Thursday, June 7, 2012

Black Lake, NY 2012: Part 2

Once we arrived on the island we unpacked and then wasted no time getting to the fishing.  I made the decision to go at this trip without worms or minnows which have always been staples on our past trips to the lake.  We both still wanted to have bait under the bobbers while we fished with lures so our first step was to catch bait.  We tried our normal techniques until I decided the fly rod would be a (slightly) more efficient method.  There were plenty of perch and bluegills caught for bait but the trick was only catching the small ones.  I think this is the only time in my life were I wanted to catch as small of a fish as possible.

Too big for bait...
That's better!  This fish was also Katie's first fish on the fly rod!
After bait was caught we threw lots of lures off the rocks of the island with no success.  The bobbers started to go down pretty regularly however and netted us a good amount of fish over the next three days.  As always with me, there were plenty of fish missed but eventually we started catching more than we were missing.

                                        Full of bull


I love those bowfin.  If they hit lures or flies more readily I think I would have a different favorite fish.  They have a distinct prehistoric look to them and are made of only teeth and muscle.  I am planning to do a separate post about them later on for those who may have never caught or seen one before.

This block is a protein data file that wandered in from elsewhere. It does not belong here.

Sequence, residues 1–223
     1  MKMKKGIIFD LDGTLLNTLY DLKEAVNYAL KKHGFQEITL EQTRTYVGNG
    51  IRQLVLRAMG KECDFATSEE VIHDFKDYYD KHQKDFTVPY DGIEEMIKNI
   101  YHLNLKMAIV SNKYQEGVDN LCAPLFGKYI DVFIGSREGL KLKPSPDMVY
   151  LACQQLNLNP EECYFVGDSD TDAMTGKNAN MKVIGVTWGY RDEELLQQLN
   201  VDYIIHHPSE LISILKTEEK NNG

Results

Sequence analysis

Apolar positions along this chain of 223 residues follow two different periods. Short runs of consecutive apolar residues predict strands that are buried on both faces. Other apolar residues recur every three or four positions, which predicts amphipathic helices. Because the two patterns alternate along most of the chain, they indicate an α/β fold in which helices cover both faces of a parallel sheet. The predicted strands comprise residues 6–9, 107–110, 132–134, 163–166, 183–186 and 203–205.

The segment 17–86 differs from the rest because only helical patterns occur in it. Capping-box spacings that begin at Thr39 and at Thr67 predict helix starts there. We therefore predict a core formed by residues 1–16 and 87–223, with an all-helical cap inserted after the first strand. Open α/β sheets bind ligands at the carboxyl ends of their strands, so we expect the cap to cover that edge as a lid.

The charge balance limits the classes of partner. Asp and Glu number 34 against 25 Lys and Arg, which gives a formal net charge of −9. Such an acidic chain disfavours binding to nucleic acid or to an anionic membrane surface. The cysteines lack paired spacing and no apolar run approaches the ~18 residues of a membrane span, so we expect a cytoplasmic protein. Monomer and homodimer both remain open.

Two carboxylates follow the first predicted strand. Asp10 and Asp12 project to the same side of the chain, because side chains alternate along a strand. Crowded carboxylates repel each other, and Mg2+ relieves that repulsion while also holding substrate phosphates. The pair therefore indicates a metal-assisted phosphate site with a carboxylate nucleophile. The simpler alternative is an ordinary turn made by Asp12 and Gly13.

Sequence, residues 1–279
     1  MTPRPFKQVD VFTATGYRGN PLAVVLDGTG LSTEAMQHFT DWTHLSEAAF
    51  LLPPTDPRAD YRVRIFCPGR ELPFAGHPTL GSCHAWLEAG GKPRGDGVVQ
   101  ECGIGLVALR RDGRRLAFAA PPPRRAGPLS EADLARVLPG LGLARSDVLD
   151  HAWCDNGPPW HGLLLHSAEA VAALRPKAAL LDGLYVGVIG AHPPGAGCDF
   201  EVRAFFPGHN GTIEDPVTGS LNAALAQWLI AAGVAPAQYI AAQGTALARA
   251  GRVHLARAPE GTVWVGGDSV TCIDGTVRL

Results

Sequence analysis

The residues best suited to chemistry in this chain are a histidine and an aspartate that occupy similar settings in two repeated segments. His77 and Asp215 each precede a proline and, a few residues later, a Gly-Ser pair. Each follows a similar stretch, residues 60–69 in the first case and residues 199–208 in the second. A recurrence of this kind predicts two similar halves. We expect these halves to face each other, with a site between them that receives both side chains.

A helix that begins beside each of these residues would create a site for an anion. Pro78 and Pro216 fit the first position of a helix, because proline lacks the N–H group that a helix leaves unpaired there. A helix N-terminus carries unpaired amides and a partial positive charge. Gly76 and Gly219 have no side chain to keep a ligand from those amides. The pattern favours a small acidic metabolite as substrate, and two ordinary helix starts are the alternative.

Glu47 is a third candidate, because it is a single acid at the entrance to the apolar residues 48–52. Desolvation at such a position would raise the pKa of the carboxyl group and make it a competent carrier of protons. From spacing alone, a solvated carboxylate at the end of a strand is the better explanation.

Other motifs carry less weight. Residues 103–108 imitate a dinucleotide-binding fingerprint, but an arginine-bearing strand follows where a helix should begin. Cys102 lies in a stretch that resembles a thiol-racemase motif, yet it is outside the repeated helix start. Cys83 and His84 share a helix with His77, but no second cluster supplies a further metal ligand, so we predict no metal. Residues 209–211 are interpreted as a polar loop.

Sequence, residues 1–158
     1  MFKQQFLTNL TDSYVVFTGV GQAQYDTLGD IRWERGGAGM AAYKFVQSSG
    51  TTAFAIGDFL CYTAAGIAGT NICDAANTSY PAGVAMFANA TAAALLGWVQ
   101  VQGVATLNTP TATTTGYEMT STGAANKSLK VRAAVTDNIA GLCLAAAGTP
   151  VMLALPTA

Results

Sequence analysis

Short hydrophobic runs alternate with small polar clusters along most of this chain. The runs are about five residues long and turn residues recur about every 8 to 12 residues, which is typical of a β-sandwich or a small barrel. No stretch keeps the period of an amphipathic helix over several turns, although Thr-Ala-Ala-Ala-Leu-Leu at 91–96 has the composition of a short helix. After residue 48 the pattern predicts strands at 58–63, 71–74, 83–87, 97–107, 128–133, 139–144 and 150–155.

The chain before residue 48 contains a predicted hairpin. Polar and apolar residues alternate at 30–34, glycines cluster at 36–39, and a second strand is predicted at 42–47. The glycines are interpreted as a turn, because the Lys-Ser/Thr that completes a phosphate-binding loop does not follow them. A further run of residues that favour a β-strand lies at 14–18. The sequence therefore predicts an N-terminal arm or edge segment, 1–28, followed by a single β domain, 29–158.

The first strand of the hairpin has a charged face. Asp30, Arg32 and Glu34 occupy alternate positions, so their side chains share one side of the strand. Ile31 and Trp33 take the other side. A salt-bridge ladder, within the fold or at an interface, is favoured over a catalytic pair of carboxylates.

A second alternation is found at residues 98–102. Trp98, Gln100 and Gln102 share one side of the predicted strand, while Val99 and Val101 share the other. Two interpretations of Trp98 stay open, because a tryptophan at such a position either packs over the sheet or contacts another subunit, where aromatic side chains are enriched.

Even though we both tried, I was the only one who managed to catch any fish on lures.  The only lure that seemed to be working was a yellow and red Cabelas spoon.  You can see that spoon in the picture with the perch.  It seemed that the pike were moving out of the 4-8 feet deep bay in search of slightly deeper water which meant we needed to try and find them from our kayaks.  Unfortunately, the wind had other plans then we did and kayak fishing was pretty difficult. 

I did try a good amount of time to catch a pike on the fly rod and knock off another item from the challenge list.  But, I failed.  The only fish I managed while trying to obtain that goal was a hefty 17 inch bass.  I caught it on one of my deer hair Dahlberg divers with a rabbit strip tail.  Each one of those flies takes an hour for me to tie so I was glad it landed at least one fish.  I did have a few more hits on it and had a hard time straying to a different pattern after I landed this fish on the Dahlberg.

No fish of real size were cau- 

What's that? I forgot about one?  Oh, I guess that fish will have to wait till the next post.


  1. You were the only one that could catch the tiny fish and fish on lures, good job!!!!

    1. You just have to get a feel for a fly rod. It took me a while before I could feel the tug of a half ounce fish.

  2. Bowfin are awesome. They truly are prehistoric... "living fossils." They've remained virtually unchanged since "the days of the dinosaurs." I've always thought it's pretty cool to be able to see animals alive on Earth today that you can also see as fossils in a museum.
    Looking forward to your Bowfin follow-up post.

    1. I couldn't agree more, Jay. I've read conflicting reports but most state they have been around for over 100 million years - that's nearly as long as sturgeon and gar... if you don't think 50 million years is a long time:P